In celebration of Arbor Day, the Cleveland Tree Coalition – a collaborative group of public, private and community stakeholders that have partnered with the City of Cleveland to rebuild our urban forest – will host events all week long throughout the city. Arbor Week events include:
Over 4,000 trees to be planted through community-wide effort
In its second year of funding, the County will invest $950,000 into its tree canopy by funding 25 projects for tree plans and tree planting sponsored by area municipalities, neighborhoods and nonprofits through the Cuyahoga County Healthy Tree Canopy Grant Program. This funding will spur the creation of 20 tree planting projects, five tree planning and planting projects and one new County tree nursery.
This innovative grant achieves an action identified in the County’s 2019 Climate Change Action Plan through the annual contribution of $1 million dollars for five years to revitalize the tree canopy in Cuyahoga County.
Working closely with communities, neighborhoods, and nonprofits, we’ve been able to make critical improvements in tree canopy coverage in areas that tend to be more vulnerable to the effects of climate change.
– County Executive Armond Budish
The County’s 2019 Urban Tree Canopy Assessment showed slightly more than 100,000 acres (34.7 percent) of all land in Cuyahoga County is tree canopy, with an additional 371,000 acres available for tree canopy. The first round of funding identified over 15,000 sites available for tree planting in multiple municipalities. Projects were selected based on a variety of factors, with special consideration given to projects that align with the County’s equity and vulnerability goals. “We are making great progress toward our goal of increasing our tree canopy as we continue to plant thousands of trees across Cuyahoga County,” said County Executive Armond Budish. “Working closely with communities, neighborhoods, and nonprofits, we’ve been able to make critical improvements in tree canopy coverage in areas that tend to be more vulnerable to the effects of climate change. I applaud municipalities for their dedication to increasing their canopy coverage, which will ultimately improve the well-being of all residents.”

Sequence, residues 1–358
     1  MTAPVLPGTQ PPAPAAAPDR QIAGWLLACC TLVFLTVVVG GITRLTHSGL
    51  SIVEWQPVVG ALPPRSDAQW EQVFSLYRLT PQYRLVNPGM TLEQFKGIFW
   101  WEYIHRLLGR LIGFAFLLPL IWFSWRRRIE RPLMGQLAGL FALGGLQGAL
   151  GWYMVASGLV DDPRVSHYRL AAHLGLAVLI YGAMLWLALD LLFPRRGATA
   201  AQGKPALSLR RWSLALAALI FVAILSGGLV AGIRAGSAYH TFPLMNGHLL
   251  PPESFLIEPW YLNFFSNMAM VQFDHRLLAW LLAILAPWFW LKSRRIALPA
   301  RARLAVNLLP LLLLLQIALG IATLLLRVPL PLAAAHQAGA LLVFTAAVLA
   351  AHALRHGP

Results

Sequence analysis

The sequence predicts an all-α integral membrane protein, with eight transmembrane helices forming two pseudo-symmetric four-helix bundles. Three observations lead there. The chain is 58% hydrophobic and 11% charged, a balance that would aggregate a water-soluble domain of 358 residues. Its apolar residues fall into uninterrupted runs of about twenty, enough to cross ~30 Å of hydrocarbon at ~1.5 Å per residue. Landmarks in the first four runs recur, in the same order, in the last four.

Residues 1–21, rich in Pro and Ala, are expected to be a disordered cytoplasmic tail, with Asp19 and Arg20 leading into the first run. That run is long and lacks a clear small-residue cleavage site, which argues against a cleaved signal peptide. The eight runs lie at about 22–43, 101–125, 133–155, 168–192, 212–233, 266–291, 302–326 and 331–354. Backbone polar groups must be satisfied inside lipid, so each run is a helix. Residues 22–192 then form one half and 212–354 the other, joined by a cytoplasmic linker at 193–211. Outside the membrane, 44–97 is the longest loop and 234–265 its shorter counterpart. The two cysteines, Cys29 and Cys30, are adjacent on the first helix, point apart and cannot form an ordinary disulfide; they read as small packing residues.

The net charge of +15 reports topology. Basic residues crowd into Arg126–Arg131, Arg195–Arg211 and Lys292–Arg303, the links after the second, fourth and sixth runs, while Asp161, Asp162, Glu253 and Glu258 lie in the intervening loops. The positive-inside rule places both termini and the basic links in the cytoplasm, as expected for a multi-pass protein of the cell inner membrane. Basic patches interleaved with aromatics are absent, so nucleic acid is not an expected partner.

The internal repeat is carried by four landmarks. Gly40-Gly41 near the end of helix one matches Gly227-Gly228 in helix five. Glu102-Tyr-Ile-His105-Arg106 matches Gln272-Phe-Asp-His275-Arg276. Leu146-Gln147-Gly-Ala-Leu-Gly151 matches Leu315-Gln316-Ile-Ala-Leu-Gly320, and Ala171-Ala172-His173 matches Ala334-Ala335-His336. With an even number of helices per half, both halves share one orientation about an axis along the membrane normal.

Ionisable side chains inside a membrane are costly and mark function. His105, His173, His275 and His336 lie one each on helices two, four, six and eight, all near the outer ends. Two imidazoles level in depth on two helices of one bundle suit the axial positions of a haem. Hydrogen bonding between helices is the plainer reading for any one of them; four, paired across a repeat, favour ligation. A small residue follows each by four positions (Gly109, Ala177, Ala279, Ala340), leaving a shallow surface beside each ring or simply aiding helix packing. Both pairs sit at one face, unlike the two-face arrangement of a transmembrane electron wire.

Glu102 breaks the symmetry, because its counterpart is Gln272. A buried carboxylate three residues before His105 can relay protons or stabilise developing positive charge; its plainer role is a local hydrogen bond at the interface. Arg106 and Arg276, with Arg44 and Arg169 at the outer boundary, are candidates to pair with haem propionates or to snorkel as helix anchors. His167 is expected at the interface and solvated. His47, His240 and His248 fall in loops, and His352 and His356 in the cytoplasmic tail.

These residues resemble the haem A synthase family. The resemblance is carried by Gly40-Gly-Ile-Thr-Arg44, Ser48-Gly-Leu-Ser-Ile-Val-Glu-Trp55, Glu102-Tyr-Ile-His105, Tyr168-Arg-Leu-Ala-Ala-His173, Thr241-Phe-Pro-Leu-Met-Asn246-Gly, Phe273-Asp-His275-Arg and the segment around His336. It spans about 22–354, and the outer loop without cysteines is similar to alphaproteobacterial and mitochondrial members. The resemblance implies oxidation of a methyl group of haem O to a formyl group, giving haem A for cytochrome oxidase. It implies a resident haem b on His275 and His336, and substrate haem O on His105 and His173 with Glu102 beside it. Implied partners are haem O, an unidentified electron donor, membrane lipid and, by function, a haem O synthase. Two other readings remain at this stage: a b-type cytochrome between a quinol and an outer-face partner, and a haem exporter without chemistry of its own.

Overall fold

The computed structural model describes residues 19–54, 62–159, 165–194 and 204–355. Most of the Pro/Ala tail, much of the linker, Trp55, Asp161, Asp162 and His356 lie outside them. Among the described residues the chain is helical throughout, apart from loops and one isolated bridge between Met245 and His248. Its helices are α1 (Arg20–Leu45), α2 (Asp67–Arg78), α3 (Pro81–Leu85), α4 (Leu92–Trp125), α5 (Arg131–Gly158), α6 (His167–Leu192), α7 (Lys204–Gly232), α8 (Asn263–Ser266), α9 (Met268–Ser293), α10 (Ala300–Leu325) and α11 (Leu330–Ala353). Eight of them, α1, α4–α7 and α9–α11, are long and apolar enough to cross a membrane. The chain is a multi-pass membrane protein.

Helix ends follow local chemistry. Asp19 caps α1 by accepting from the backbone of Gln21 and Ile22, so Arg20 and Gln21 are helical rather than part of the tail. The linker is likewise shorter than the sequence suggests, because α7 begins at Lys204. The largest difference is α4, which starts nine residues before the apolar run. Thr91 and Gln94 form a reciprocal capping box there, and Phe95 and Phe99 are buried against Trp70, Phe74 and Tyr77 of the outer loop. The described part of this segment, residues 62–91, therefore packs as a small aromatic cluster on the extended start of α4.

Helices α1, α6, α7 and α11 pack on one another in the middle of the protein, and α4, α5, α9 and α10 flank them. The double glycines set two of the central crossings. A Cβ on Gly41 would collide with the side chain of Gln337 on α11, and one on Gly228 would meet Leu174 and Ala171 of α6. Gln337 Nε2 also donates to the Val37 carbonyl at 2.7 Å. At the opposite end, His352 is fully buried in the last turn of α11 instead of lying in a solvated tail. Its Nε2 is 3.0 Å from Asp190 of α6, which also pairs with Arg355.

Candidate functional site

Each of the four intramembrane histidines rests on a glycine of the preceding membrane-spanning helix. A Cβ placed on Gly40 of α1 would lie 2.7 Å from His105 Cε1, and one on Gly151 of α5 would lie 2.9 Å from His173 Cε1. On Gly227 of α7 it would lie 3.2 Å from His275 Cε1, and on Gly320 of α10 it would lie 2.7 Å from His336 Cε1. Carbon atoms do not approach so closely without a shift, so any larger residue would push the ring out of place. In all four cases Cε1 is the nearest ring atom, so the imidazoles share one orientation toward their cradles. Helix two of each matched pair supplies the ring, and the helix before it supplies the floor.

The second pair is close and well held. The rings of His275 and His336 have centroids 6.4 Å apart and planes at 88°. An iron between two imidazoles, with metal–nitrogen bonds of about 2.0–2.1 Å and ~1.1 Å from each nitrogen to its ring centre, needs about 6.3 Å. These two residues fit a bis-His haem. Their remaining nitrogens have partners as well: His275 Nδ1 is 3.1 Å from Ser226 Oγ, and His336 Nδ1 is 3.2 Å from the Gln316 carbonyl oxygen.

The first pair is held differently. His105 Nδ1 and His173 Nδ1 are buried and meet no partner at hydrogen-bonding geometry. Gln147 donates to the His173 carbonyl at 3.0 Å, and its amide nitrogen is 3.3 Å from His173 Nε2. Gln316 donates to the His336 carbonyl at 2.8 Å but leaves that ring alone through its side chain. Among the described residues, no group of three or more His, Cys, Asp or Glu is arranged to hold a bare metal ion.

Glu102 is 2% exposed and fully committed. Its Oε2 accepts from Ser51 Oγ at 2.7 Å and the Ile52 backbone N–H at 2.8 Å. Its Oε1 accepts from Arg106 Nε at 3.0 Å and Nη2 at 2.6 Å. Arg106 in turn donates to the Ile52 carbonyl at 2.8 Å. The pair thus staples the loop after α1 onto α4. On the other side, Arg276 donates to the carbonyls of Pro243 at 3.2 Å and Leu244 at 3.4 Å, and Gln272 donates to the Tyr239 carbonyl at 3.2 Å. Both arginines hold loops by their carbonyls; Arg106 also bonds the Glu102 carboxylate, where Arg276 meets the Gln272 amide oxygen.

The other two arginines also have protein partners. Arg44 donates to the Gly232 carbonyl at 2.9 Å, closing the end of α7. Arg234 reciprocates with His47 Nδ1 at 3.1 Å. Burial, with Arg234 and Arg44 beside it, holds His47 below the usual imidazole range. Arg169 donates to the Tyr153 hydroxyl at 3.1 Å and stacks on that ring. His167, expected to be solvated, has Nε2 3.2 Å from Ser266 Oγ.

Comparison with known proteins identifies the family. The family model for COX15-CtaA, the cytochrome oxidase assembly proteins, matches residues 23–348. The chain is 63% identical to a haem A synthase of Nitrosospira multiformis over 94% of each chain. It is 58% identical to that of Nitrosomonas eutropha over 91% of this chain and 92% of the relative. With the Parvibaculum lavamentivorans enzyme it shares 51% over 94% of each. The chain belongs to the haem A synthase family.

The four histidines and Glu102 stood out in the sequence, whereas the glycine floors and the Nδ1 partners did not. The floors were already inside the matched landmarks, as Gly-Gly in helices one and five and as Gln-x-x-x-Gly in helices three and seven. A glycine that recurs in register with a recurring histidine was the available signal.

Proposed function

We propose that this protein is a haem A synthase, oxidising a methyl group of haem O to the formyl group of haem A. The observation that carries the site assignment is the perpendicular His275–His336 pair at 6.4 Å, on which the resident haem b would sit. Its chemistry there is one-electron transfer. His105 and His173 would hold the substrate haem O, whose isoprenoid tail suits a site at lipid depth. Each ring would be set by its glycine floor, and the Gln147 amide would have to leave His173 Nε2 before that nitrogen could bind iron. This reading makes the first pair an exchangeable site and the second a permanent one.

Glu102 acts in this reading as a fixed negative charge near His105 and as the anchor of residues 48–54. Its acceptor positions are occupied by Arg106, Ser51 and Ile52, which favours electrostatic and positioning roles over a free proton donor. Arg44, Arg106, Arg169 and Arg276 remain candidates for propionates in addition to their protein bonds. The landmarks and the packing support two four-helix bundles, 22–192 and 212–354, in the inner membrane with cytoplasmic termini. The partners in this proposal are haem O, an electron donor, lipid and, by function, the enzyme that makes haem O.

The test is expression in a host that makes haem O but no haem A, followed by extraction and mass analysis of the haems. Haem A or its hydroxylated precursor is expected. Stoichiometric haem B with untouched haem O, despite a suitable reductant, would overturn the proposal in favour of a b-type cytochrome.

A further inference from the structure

This second round of grants supports the implementation of community urban forestry plans, expanding tree canopy through community reforestation projects and implementing high impact reforestation projects. The Healthy Urban Tree Canopy Grant Program will gather data about each project, monitor its success, and produce an annual report that will better inform project selection and funding for each successive year of grant funding.
“Trees are critical for so many things—helping with local air quality and storm water runoff, providing summer shade and minimizing air conditioning costs, and generally assisting with overall mental health. That’s why the County continues to put resources into helping strengthen tree plantings in communities,” said Cuyahoga County Sustainability Director Mike Foley. “Planting trees is important, but making sure they are healthy and will survive for the next 50 to 75 years is paramount for a successful tree canopy restoration program. This grant program allows us to continue to increase our canopy across dozens of municipalities in a healthy and sustainable way.”